William Stanley Rice Jr., 72, a retired assistant superintendent of the D.C. public schools who was in charge of schools in the Anacostia section of the city from the late 1960s until he retired in 1977, died of complications from diabetes and kidney failure Feb. 2 at Providence Hospital.

Mr. Rice began his career in the D.C. schools as a printing teacher at Shaw Junior High in 1947. He later became a printing teacher at Cardozo High School, an assistant principal at Langley Junior High School and then principal at Langley.

His years as regional superintendent for Anacostia covered an experimental period of community control of schools, in which local school boards were chosen for various schools. Mr. Rice also supervised construction of seven new schools for about 7,500 students while serving as regional superintendent.

A resident of Washington, he was born in Birmingham. He graduated from Howard University, from which he also received a master's degree in history. He received a doctorate in education from the University of Massachusetts at Amherst.

During World War II, he served in the Army as a training officer for preflight cadets at Tuskegee Air Field in Alabama. He settled in Washington after the war.

Mr. Rice was a former chairman of the administrative council at Simpson-Hamline United Methodist Church in Washington.

Survivors include his wife of 46 years, Ella Johnson Rice, and a son, William Rice III, both of Washington; and three grandchildren.

RICHARD L. CHEESEMAN JR.

Robinson Terminal Employee

Richard Lewis Cheeseman Jr., 44, a former shipping agent with the Robinson Terminal Warehouse Corp. in Alexandria, died of pancreatitis Feb. 4 at Alexandria Hospital. He had myotonic muscular dystrophy.

Mr. Cheeseman was a native of Alexandria and a graduate of Fort Hunt High School. He served in the Army from 1969 to 1972. He worked for the Robinson Terminal Warehouse from 1972 until retiring for health reasons in 1984.

His marriage to Barbara Cheeseman ended in divorce.

Survivors include two daughters, Shawn R. and Victoria J., both of Woodbridge; his parents, Jeane D. and Richard L. Cheeseman Sr. of Alexandria; three brothers, Andrew McP., of Kansas City, Mo., and David F. and John D., both of Alexandria; and two sisters, Margaret Owen of San Diego and Jane C. Picot of South Miami, Fla.

C. TERRENCE CHASTEK

Psychiatrist

C. Terrence Chastek, 42, a psychiatrist who specialized in the treatment of adolescents, died Feb. 4 at his home in Washington. He had AIDS.

He was vice president of the medical staff at the Psychiatric Institute of Washington, where he had worked for 15 years. He was frequently interviewed by television and newspaper reporters, particularly about problems of youth and the effects of stress and phobias.

Dr. Chastek was a native of Warsaw, N.Y. He received his bachelor's degree from the State University of New York at Buffalo, where he was elected to Phi Beta Kappa. He received his medical degree from the Upstate Medical Center of the State University of New York, and completed his post-doctoral residency at the University of North Carolina. He moved to Washington in 1976.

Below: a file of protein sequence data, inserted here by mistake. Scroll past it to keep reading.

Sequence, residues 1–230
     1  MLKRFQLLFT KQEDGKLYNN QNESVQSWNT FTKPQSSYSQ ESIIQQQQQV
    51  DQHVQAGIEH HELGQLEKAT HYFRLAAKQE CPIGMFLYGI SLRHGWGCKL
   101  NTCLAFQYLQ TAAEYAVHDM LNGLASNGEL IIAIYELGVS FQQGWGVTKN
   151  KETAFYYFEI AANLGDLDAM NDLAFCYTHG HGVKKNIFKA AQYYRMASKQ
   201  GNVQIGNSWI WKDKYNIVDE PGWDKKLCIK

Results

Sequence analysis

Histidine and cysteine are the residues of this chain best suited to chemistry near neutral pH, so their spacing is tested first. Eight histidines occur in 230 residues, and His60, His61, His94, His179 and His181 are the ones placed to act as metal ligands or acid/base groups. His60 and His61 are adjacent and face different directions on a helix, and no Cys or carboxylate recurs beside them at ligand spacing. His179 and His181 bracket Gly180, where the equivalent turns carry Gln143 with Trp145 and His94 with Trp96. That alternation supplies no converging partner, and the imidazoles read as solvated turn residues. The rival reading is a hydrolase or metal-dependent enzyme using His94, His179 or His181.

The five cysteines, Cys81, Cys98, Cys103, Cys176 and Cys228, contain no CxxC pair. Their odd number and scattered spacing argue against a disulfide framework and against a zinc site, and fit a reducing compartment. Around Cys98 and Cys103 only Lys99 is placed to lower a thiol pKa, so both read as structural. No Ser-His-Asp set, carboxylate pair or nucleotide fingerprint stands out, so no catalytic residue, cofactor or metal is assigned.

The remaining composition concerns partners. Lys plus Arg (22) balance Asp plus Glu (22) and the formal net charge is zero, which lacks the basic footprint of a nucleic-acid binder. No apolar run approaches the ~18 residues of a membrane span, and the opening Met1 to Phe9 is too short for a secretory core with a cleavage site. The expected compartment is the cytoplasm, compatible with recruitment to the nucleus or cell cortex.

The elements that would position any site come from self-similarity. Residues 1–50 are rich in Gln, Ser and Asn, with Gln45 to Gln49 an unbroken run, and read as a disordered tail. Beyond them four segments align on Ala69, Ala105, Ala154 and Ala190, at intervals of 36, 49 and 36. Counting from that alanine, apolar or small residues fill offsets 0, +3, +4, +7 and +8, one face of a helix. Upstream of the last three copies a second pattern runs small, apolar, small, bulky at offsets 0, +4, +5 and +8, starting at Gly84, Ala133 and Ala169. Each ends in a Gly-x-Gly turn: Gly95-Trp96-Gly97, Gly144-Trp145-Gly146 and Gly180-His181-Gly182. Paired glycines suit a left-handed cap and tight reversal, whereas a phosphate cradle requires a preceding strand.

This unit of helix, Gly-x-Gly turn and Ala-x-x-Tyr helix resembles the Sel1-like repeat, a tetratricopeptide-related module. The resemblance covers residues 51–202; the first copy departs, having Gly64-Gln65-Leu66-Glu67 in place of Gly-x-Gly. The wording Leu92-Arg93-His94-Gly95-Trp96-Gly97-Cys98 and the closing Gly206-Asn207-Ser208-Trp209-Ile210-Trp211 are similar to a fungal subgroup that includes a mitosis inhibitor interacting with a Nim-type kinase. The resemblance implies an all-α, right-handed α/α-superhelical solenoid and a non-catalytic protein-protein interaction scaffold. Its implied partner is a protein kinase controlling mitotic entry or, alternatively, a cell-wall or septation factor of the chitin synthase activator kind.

He was a member of the American Academy of Psychiatry and Law, the American Psychiatric Association and the American Medical Association.

Survivors include his companion, Jon Schwenzer of Washington; his mother, Dorothy Chastek of Silver Springs, N.Y.; and two brothers, Daniel Chastek of Perry, N.Y., and Joel Chastek of Leroy, N.Y.

CARL J. CARLSON

Association President

Carl Joseph Carlson, 78, retired president of the Cigar Association of America, died Feb. 2 at his home in Plainfield, N.J., after a stroke.

Mr. Carlson was born in Washington. He graduated from Central High School and attended George Washington University. He worked at the Labor Department before World War II, then served in the Army during the war.

After the war he moved to Plainfield and began working in the cigar industry. He was president of Garcia y Vega Inc., then vice president of Consolidated Cigar Corp. He returned to Washington in 1976 as president of the Cigar Association of America, then returned to Plainfield upon his retirement in 1980.

Survivors include his wife, Emilia Garcia Carlson of Plainfield; four children, Dagmar Carlson Ferris of Granville, Ohio, Linda Carlson of Takoma Park, Christie Carlson of Boston and Carl Jr., of West Milford, N.J.; a sister, Ruth Carlson of Norman, Okla.; and four grandchildren.

URSULA SADLIK

Engineering Draftsman-Designer

Ursula Sadlik, 53, an engineering draftsman-designer, died of cancer Feb. 5 at her home in McLean.

From 1980 to 1990, Mrs. Sadlik worked at several local engineering firms, drafting plans for buildings and equipment. Her last job was with Girard Engineering in McLean.

A native of Frankfurt, Germany, Mrs. Sadlik came to the United States in 1958 and settled in this area. After her marriage in 1963 to Joseph Sadlik, a Foreign Service officer, she accompanied him to posts in Munich; New Dehli; Vientiane, Laos; Bonn and Bamako, Mali. In Bonn, she edited a monthly paper for the American community called the Bonn Journal.

In addition to her husband, of McLean, survivors include three children, Paul Jan Sadlik, Christina Marie Sadlik and Barbara Anne Sadlik, all of McLean; and two sisters, Brigitte Zinkhan of Frankfurt and Marianne Morgan of Conemaugh, Pa.